Born in St. Louis, Missouri, Joe (Joseph John) Jones was a painter, illustrator, & lithographer. Self taught, he quit school at age fifteen to work as a house painter with his father. This blog will contain only the artist's activist, Depression era paintings, and once again, the blog format allows little room for the depictions of murals, I am sorry for that limitation.
Winning his first award in 1931, Jones gained the attention of local St. Louis patrons who financed his travel to the artists' colony in Provincetown, Massachusetts. He began winning awards at age 22 in 1931, with his early paintings which are typical Midwestern Regionalist works of farmers & fields.
His paintings run the gamut from strong social protest to sheer exuberant beauty, & the wheat fields of the Midwest stirred his passions as much as striking workers in the height of the Depression.
A 1930s political activist, Jones organized art classes for unemployed youngsters, which he held in the old St. Louis courthouse in 1934. He alienated his local supporters by announcing that he had joined the Communist Party, so Jones signed up for the Public Works of Art Project in 1934.
When St. Louis grew uncomfortable for him in 1935, he left to pursue his art career in New York. In 1935, he held his first exhibition in New York, which was acclaimed by poet & critic Archibald Macleish: "There is more scope, more vitality, & more promise as well as more mastery, than most artists a decade his senior."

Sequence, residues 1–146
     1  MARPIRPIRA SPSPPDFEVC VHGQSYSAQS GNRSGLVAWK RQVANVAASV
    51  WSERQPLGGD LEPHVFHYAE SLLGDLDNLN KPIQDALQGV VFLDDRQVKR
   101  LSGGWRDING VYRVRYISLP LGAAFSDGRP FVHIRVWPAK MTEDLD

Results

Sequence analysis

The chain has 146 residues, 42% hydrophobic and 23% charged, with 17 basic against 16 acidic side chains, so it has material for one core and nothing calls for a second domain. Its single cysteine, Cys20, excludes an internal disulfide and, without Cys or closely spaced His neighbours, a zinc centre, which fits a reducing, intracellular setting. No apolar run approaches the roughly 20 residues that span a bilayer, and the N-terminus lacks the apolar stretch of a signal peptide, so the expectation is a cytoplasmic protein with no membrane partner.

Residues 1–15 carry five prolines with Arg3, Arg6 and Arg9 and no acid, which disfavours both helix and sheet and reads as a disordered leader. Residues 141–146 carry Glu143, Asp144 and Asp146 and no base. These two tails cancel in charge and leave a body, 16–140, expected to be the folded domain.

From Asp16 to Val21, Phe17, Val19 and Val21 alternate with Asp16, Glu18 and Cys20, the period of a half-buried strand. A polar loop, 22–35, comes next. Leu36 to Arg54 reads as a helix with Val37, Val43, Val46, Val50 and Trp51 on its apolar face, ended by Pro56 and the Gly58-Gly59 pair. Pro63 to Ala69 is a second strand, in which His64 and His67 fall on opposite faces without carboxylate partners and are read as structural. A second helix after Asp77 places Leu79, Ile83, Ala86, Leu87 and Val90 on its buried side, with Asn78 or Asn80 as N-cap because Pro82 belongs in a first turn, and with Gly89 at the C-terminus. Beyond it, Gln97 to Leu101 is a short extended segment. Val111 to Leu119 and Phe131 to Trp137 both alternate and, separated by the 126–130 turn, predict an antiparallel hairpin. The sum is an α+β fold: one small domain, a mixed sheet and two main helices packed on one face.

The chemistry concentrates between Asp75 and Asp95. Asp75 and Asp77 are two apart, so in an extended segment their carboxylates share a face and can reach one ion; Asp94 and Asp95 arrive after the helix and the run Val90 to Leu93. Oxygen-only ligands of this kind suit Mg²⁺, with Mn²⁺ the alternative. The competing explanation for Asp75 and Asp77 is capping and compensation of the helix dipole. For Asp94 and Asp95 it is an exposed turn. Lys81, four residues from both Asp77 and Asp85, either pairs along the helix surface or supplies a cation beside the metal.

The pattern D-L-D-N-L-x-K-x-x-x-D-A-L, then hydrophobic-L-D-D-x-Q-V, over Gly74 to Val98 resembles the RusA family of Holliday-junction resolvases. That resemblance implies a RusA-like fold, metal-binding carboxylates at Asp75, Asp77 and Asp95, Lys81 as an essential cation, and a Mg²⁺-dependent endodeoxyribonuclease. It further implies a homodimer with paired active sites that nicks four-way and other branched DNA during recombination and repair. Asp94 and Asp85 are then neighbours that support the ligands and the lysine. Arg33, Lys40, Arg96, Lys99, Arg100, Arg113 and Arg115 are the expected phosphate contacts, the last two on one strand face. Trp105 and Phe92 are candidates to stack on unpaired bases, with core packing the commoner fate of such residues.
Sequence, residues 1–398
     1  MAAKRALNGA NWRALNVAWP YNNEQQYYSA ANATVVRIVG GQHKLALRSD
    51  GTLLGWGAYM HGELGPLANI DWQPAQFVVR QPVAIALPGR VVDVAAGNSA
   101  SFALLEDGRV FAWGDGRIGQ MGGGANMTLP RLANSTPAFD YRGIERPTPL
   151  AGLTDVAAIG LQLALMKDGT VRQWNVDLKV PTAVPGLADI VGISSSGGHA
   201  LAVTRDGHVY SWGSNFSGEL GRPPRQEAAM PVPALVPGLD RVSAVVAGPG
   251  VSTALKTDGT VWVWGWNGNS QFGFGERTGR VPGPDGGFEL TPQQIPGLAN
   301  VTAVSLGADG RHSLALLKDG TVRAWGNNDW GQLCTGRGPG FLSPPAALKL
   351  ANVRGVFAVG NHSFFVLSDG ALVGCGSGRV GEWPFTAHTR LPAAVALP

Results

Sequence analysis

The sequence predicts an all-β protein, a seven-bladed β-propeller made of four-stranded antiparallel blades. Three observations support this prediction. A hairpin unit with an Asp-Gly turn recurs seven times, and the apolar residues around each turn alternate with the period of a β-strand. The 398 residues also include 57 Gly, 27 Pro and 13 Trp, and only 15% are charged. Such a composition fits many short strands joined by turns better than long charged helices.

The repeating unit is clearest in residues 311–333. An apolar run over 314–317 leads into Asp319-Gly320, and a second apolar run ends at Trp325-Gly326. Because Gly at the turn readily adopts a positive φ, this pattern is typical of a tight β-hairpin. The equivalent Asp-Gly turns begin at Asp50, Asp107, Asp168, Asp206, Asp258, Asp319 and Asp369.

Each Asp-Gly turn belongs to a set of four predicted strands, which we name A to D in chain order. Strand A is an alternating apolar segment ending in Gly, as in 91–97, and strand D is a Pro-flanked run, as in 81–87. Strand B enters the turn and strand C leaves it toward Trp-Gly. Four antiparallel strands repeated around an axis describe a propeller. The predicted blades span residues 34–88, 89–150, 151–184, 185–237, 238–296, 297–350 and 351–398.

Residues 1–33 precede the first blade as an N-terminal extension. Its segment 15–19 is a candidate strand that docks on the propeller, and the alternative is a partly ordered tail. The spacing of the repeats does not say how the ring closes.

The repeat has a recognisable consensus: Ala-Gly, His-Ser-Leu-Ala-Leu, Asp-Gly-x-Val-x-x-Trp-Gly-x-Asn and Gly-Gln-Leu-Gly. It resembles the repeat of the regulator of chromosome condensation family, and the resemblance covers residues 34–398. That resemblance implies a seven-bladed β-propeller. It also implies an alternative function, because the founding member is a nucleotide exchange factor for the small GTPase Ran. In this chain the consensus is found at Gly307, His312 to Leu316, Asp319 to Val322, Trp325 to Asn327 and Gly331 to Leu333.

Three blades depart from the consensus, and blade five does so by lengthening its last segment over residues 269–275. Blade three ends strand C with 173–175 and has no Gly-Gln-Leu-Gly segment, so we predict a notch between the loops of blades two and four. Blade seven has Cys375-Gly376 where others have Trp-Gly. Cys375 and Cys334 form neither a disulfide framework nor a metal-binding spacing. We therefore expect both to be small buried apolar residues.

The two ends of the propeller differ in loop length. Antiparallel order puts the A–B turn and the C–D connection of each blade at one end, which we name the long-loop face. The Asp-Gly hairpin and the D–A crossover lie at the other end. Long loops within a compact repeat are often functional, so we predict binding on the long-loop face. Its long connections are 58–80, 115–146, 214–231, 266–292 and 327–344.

In 1937, he was awarded a prestigious Guggenheim Foundation Fellowship to create a pictorial record of conditions in the dust bowl. That same year, his work was included in a major exhibition at the Carnegie Institute in Pittsburgh, PA.
In 1937, the Metropolitan Museum of Art had acquired at least one Joe Jones paintng as part of 85 paintings of living American artists. In 1938, Jones was included in Maryland's first exhibition of "Labor in Art" at the Baltimore Museum of Art.
Through the period of the WPA, Jones was awarded 5 major mural commissions. As a result, he created murals for the post offices at Seneca, Kansas, Men & Wheat (1940); Anthony, Kansas, Turning a Corner (1939); Hutchinson, Kansas; Magnolia, Arkansas; & Charleston, Missouri.
During World War II, Jones worked as a war artist for Life magazine. Because Jones addressed major political & social issues in so many of his paintings, he is often called a Social Realist as well as a Regionalist. His style changed in the late 1940s, to minimal & non-representational.
By 1951, for a new show in New York, TIME was reporting the "angry man calms down." The paintings on exhibit showed "delicately colored, wiry-lined pictures of beaches, towns, & harbors... without a park of sorrow or anger in them."
Jones, 42 years old, did not want to "sit on top of a reputation," had lost interest in Communism, & removed "class war" from his paintings. He became interested in delicate lines & low-toned colors, a reaction against "the preoccupation with light & shade that has victimized Western art since the Renaissance." By this time, he saw paintings as "space, not objects" & sought humanism not in subject but "of the line."
Jones was living in Morristown, New Jersey, at the time of this show. He worked as an instructor at St. Bernards School for Boys, Ralston, NJ, while painting commissions in his "softer Japanese-like style" for Standard Oil of New Jersey as well as magazine covers for TIME. Jones died in 1963, at the age of 54 of a heart attack in Morristown.